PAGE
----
By Sirkka Belle Wirtanen Miller, Contributing Writer
“1000 Rupee Note,” the latest film by Shrihari Sathe, is a life-size story firmly nestled within the greater political climate of modern India. The film tells the story of Budhi (Usha Naik), a cheerful and good-natured widow living in a small village in Maharashtra, India. She has lost her only son, a young farmer, to suicide, yet despite her losses, remains a positive presence in the village. She is beloved to all but especially to her younger neighbor, Sudama (Sandeep Pathak). The two maintain a close friendship full of laughter and heartfelt affection, demonstrating just how fulfilling and joyful a simple life can be.
Budhi’s son’s suicide was only one of a wave of farmer suicides happening today in India. The trend is being attributed to widespread corruption, climate change and new economic policies that favor privatization, liberalization and globalization. Small-scale agrarian farmers have very large debts and no way to compete in the market. Budhi had been featured on the news for his death, so when a politician came into town and began handing money out to the villagers (in a very obvious and hilariously normalized show of corruption) he handed her more than anyone else: four 1000 rupee notes. When Budhi goes with her sister to a market to spend their money, however, things begin to go south. They are arrested and held overnight for no purpose but the police officers’ greed and demonstration of power.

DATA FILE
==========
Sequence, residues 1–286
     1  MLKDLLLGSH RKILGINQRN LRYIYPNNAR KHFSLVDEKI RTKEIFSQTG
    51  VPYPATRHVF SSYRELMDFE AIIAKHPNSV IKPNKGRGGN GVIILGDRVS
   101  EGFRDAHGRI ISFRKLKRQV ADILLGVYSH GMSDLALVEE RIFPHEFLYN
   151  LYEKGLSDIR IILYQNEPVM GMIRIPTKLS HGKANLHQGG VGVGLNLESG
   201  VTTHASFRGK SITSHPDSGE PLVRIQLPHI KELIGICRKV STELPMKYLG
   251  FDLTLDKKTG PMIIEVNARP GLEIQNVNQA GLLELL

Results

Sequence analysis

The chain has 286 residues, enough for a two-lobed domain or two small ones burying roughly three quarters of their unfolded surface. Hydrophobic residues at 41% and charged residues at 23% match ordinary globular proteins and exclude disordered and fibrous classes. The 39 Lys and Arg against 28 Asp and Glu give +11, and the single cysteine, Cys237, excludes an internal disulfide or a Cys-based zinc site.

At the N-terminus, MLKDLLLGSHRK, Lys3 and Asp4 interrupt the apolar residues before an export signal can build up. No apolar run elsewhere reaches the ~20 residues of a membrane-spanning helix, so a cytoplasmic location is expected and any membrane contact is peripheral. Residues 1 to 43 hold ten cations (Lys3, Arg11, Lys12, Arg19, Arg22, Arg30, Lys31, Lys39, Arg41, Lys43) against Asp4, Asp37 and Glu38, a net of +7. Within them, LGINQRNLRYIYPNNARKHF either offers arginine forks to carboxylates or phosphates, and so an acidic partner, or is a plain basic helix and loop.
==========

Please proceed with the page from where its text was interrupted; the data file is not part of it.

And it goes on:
The real power of this film lies in the larger-scale implications of the plot. The manner in which Budhi and Sudama handle being mistreated is brave to be sure, but this is no hero story. The women do not overcome the systemic obstacles that they come up against except by waiting them out, and this is a strength of the film. It is a story of individual agency versus structural pressures on a very accessible scale, and Sathe successfully balances making the real issues clear while not addressing them in an overtly opinionated manner.
Still, there were a few production choices that were confusing — an abrupt flashback to explain Budhi’s son’s death that was not transitioned to clearly, for example — but overall the trajectory of the film was well-formed. The acting felt genuine, despite the occasionally overly simple emotional responses (pure cheer and pure sorrow were frequent, rather than more realistic combinations of the wide spectrum of human emotion), but this served a purpose in the long run: Budhi’s spirit is overwhelmingly good, a protagonist with whom one may sympathize fully. Seeing her being mistreated, abused and powerless evokes an emotional response that does not quickly fade. “1000 Rupee Note” shines in its ability to humanize and clarify the real, all-consuming impact of a broken and corrupt political system.
“1000 Rupee Note” will be released in theaters on Sept. 23.